Psycho–educational studies consist of a battery of tests that will provide information on your child’s overall abilities, particularly learning style, information processing abilities, and academic skills. A significant part of this assessment is the IQ test which helps to clarify the student’s strengths and weaknesses. It provides information regarding the student’s ability to process verbally and visually presented information as well as his or her overall intellectual potential. Considerable additional information is derived relating to sequencing abilities, short and long–term memory issues, language functioning, and processing speed. The most widely recognized IQ test is the Wechsler Intelligence Scale for Children (WISC). There are corresponding versions for preschoolers (the Wechsler Preschool and Primary Scale of Intelligence) and for students over the age of 16 (the Wechsler Adult Intelligence Scale). In addition to the IQ test, the examiner might do specific tests to evaluate the student’s cognitive abilities, typically tests of memory and organizational skills.
The other parts of the psycho–educational evaluation assess the student’s academic skills: reading, written language, and math. There are many standardized tests that can be used to obtain this information. These studies include brief tasks and, for older students, more complex activities consistent with grade demands (e.g., reading multiple paragraphs, writing essays). Studies might include informal measures but should also involve standardized tests which provide objective scores that can be compared to grade level expectations as well as to the student’s intellectual potential. Testing should also allow comparison of the student’s performance under timed and untimed conditions.
In addition to test data, the evaluation includes a clinical interview as well as questionnaires and rating scales completed by parents, teachers, and the student. These data help to identify whether attentional and/or emotional issues might be contributing to or resulting from the learning difficulties.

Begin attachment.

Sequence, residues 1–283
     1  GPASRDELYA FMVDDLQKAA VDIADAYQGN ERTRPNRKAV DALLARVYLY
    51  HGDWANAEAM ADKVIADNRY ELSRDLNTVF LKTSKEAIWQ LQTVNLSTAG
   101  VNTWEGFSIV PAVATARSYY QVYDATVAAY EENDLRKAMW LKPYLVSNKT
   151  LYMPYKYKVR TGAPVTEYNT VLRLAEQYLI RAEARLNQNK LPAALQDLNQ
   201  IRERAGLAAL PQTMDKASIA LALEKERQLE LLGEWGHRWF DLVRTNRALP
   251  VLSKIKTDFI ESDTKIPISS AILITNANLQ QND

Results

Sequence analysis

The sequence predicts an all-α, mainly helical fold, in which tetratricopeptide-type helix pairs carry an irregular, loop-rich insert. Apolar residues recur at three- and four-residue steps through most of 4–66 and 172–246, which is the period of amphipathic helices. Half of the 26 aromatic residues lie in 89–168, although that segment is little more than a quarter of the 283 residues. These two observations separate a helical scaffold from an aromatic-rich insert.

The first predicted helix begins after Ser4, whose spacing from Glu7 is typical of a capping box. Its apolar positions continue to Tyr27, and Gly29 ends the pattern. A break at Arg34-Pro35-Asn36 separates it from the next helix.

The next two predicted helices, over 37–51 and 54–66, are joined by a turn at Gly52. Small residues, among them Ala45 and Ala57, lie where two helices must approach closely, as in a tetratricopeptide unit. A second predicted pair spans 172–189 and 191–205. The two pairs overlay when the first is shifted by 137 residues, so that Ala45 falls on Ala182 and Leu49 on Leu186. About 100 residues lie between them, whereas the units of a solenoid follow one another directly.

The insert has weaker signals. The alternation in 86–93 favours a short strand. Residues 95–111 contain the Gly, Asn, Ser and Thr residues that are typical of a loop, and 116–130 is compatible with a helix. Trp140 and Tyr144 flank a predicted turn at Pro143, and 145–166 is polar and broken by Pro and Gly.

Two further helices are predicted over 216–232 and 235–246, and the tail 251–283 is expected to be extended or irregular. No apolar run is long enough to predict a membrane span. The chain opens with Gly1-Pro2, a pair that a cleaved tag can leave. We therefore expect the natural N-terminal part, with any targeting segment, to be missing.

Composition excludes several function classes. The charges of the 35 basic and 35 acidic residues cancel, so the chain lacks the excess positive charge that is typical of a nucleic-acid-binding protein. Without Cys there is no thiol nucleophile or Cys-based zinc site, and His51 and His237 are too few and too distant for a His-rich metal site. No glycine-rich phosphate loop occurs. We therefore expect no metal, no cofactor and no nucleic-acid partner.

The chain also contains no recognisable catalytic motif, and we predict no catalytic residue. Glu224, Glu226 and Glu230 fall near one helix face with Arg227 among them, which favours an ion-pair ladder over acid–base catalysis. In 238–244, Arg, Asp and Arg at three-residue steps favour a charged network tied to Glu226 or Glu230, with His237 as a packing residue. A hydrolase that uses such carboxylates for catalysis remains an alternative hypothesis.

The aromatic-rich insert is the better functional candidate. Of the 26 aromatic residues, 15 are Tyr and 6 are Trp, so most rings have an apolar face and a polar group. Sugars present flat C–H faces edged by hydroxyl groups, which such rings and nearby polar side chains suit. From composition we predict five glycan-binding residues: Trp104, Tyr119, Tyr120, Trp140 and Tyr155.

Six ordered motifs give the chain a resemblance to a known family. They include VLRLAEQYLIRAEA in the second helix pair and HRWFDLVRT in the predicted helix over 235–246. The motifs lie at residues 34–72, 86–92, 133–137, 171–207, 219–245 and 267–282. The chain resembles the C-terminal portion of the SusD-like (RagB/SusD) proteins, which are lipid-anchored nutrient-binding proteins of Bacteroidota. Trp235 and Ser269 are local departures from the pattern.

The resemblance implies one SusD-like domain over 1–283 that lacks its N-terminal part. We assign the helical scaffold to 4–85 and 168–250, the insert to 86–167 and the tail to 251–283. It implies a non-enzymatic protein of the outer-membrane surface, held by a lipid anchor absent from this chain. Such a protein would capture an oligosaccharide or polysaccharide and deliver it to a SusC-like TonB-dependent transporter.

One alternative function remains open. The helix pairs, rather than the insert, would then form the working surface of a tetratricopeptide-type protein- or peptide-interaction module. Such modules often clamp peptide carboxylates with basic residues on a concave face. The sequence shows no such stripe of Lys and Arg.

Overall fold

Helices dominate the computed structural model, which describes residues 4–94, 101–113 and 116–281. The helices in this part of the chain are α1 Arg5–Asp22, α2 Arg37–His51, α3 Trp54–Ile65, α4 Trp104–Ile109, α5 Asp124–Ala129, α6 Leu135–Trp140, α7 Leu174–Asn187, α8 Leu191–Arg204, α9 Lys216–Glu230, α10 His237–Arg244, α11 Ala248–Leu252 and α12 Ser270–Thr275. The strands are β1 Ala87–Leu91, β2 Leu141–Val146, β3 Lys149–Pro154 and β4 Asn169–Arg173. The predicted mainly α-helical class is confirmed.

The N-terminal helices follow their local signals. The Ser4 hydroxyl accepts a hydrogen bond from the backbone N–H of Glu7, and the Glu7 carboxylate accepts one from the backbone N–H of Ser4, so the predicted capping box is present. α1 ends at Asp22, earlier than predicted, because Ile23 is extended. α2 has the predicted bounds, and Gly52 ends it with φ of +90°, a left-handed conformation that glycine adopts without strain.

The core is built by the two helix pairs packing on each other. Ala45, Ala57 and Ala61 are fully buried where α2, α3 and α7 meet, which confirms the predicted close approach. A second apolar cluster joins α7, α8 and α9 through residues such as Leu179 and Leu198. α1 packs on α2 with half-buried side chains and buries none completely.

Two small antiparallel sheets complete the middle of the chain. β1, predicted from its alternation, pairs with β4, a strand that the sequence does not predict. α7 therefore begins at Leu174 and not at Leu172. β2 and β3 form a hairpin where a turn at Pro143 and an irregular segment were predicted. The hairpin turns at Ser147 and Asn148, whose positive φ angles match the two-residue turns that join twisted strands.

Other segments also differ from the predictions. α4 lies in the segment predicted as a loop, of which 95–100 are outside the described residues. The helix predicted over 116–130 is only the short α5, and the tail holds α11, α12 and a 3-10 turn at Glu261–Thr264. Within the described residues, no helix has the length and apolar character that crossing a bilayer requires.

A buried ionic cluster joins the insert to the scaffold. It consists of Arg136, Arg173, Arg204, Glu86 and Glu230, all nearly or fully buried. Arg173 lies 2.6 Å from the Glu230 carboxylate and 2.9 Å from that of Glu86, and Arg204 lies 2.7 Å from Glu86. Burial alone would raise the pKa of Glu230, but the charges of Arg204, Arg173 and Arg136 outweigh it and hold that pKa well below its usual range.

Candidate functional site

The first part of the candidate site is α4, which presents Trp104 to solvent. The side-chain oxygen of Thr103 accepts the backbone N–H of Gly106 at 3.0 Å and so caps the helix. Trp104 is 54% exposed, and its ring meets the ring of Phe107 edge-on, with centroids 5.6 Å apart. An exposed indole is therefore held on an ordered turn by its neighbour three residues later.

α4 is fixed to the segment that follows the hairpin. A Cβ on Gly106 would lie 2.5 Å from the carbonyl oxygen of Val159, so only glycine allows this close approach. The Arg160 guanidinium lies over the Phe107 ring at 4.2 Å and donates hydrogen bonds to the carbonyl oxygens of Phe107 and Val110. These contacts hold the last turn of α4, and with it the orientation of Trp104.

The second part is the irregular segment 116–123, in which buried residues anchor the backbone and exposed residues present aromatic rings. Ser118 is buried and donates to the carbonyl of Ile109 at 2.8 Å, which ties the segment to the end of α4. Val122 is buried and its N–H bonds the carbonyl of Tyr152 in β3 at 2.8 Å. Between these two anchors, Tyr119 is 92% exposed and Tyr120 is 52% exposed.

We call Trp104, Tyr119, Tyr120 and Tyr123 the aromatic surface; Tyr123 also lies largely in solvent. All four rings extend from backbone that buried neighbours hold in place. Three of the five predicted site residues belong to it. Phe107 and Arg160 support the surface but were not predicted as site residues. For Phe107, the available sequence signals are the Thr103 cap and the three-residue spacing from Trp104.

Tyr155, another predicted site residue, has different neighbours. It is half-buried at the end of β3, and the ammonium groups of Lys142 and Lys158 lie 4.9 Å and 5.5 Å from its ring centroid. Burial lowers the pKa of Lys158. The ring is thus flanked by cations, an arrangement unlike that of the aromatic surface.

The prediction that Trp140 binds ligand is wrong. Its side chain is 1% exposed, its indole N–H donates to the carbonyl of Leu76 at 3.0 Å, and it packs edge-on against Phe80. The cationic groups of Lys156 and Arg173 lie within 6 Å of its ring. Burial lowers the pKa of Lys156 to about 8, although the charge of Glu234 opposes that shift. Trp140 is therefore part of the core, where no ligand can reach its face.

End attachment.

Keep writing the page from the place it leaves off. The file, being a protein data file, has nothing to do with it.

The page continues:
What will the results of such testing tell you?
First, the psycho–educational evaluation will describe your child’s overall intellectual potential. Be sure not to look at the single summary numbers (e.g., the Full Scale IQ) as necessarily the best indication of intelligence. Students with LD have many strengths as well as weaknesses. Averaging these high and low scores into one single score can be misleading. The evaluator should sit down with you and explain your child’s strengths and weaknesses rather than focusing on a single score. You need to know the areas of strength and the areas of weakness.
The test results will also describe the student’s overall academic skills. You will learn whether the student’s reading is at grade level and, if not, where the specific deficits lie. For example, it could be that your child has trouble sounding out new words but uses intelligence to compensate, getting the gist of the information. Or, perhaps your child can read every word quickly and accurately, but struggles with comprehension due to underlying memory and/or language processing issues. Similar analyses should be presented for the student’s skills in written language and in math.
The results of these studies might indicate other possible areas of difficulty. Your son or daughter might have difficulty with underlying language skills. There might be problems with processing, sequencing, or remembering what is heard (a receptive language problem). Or, the problems might relate to organizing thoughts and finding the words to use in order to express these thoughts (an expressive language problem). If such language problems are noted, a speech–language assessment will elaborate and clarify the interventions needed.